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How do the EQ-5D, SF-6D and well-being rating scale compare in patients with ankylosing spondylitis.
  1. Annelies Boonen (aboo{at}sint.azm.nl)
  1. University Hospital Maastricht, Netherlands
    1. Désirée van der Heijde (dhe{at}sint.azm.nl)
    1. University Hospital Maastricht, Netherlands
      1. Robert Landewé (rlan{at}sint.azm.nl)
      1. University Hospital Maastricht, Netherlands
        1. Astrid van Tubergen (avantubergen{at}yahoo.com)
        1. University Hospital Maastricht, Netherlands
          1. Herman Mielants (herman.mielants{at}ugent.be)
          1. Gent University Hospital, Belgium
            1. Maxime Dougados (maxime.dougados{at}cch.ap-hop-paris.fr)
            1. Université Réné Descartes, Hopital Cochin, Paris, France
              1. Sjef van der Linden (sli{at}sint.azm.nl)
              1. University Hospital Maastricht, Netherlands

                Abstract

                Purpose: To compare aspects of validity of EuroQol-5D (EQ-5D) and SF-6D, two indirect utility instruments, and the well-being rating scale (RS) in ankylosing spondylitis (AS).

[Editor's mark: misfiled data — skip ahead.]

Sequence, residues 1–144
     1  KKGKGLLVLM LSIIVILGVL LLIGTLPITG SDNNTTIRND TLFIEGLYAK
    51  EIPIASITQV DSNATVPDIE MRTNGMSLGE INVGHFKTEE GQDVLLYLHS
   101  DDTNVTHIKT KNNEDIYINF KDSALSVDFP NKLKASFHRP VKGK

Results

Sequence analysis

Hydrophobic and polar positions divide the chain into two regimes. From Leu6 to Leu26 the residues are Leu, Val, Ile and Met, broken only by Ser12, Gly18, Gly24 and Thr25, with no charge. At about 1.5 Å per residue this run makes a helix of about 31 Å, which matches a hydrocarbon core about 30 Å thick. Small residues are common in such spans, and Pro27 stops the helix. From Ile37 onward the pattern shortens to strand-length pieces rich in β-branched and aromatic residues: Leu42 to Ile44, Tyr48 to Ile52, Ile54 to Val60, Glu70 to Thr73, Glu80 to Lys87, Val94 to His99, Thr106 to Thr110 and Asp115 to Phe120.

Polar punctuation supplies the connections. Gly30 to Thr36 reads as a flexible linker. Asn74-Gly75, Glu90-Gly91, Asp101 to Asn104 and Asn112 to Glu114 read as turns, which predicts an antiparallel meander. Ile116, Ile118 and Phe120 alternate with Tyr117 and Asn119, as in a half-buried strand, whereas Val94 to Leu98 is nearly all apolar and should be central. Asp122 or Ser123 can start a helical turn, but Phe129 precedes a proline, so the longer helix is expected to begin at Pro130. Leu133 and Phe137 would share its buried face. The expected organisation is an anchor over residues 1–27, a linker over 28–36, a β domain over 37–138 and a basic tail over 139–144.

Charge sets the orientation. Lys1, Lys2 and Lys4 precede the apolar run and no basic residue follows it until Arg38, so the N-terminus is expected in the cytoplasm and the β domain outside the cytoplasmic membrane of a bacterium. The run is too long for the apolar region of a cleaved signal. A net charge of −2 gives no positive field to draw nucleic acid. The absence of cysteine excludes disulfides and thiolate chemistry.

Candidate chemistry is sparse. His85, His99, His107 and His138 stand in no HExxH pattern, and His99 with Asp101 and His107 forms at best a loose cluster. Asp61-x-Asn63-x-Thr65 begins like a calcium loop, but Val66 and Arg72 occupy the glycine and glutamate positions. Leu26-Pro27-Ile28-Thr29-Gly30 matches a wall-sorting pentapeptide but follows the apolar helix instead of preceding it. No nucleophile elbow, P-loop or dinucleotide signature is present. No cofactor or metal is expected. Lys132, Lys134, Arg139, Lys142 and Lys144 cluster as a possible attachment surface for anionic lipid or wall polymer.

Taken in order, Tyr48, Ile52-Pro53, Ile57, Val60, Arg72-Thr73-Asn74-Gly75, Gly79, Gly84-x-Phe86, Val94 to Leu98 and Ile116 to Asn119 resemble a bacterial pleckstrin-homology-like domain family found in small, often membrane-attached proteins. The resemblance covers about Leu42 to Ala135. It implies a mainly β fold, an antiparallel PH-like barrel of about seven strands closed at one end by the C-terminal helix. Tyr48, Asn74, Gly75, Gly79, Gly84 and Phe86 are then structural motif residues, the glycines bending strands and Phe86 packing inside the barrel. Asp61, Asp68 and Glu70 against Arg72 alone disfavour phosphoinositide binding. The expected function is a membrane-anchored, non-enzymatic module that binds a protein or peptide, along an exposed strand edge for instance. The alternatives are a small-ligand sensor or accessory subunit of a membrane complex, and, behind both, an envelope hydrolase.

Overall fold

Methods: EQ-5D, SF-6D and RS were available for 254 patients fulfilling modified New York criteria. 134 patients were part of an observational cohort and 120 of a randomized controlled trial (RCT). Aspects of validity assessed were truth (agreement and correlation with external health measures) and discrimination (between health states, repeatability and detection of treatment effect).

                Results: Median (range) was 0.69 (-0.08-1.00) for EQ-5D, 0.65 (0.35-0.95) for the SF-6D and 0.65 (0.14- 1.00) for the RS. Agreement (ICC) was moderate (0.46 to 0.55). Instruments correlated equally with disease activity, functioning and quality of life. The SF-6D showed smaller average differences in utility between patients with better and worse disease compared to the EQ-5D and RS. The smallest detectable difference (in control group of RCT) was 0.36, 0.17 and 0.33 for EQ-5D, SF-6D and RS respectively. The ability to detect treatment effect (in intervention group of RCT) showed standardised effect sizes that were moderate for EQ-5D and SF-6D (0.63 and 0.64) and low for the RS (0.23).

                Conclusion: In patients with AS, EQ-5D, SF-6D and the RS correlate equally well with external measures of health but have different psychometric properties. The smallest detectable difference is most favourable for the SF-6D, but it discriminates less well between patients with different disease severity. The RS has worse ability to detect treatment effects. It is difficult to recommend one of the instruments.

                • ankylosing spondylitis
                • health related quality of life
                • quality adjusted life years
                • utility
                • validity

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